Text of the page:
Then we turned to solid tyres, of which he has only sparse supplies. These are rationed out equally and without favour. he waxed. enthusiastic about their progress with pneumatic tyres for heavy vehicles. They have experimented for two or three years in this direction (there is a lot to learn), and very shortly they hope to be ready to deliver. Excellent results have been Obtained on Canadian roads, which, as we know, are much below the English standard. _Increased speed will be the result, and of course less wear and tear on the engine, with a life mileage in the neighbourhood of 20,000.
A Talk in the Train.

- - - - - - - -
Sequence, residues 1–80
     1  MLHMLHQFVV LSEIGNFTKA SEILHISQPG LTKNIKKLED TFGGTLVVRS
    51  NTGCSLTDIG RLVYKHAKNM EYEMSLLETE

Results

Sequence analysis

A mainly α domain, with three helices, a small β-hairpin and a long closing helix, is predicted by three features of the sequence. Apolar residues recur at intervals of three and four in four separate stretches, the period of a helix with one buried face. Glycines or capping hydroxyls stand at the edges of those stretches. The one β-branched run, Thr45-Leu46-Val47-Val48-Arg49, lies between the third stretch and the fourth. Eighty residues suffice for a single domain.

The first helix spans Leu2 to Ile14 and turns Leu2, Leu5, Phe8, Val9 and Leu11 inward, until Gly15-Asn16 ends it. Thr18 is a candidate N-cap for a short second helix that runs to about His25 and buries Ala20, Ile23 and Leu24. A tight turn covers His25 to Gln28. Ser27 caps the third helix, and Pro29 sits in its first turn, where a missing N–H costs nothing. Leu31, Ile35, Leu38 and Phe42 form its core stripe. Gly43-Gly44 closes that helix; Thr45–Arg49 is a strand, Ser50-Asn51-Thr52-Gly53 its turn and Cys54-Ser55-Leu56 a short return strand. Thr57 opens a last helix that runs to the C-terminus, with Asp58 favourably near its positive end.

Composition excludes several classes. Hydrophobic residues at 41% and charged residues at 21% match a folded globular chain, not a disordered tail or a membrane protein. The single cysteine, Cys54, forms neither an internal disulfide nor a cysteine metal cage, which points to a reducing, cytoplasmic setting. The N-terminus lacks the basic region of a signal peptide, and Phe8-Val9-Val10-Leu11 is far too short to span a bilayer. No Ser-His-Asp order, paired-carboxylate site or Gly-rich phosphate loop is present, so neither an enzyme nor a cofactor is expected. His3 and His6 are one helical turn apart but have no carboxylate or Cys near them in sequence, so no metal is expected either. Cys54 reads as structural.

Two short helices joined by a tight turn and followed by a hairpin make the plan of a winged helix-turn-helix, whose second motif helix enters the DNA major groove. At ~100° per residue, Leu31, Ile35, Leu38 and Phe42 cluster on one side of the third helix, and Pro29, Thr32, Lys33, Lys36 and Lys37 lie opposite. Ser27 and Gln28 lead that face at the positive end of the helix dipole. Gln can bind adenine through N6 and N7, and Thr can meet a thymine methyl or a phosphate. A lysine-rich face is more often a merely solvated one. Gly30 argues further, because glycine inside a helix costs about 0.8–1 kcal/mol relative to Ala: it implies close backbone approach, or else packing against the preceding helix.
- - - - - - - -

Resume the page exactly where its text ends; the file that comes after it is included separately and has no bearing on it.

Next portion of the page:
It was quite a lucky chance that placed me opposite to Mr. H. C. B. Underdown in the train going North recently. He is seldom at the goinmer Car works at Luton, his time being swallowed up with his duties in directing the operations cif the Agricultural Machinev Department. It was interesting to hear that he had presided that afternoon over a meeting of the .A.B.M, A.M., at which our correspondent, Mr. Eric Boult, had addressed them on the present conditions of the motor trade in Australia, from which country he has just returned.. No wonder an interested audience eventually bombarded him with questions. Asking if he had yet taken holiday, I found that Mr. Underdown had only time to run down to his estate in Norfolk for a few days ; he could not, to his regret, take his pre-war vacation, golfing at St. Andrews. ," Certainly, I might have run down toFrinton for a day or two ; everybody seems to be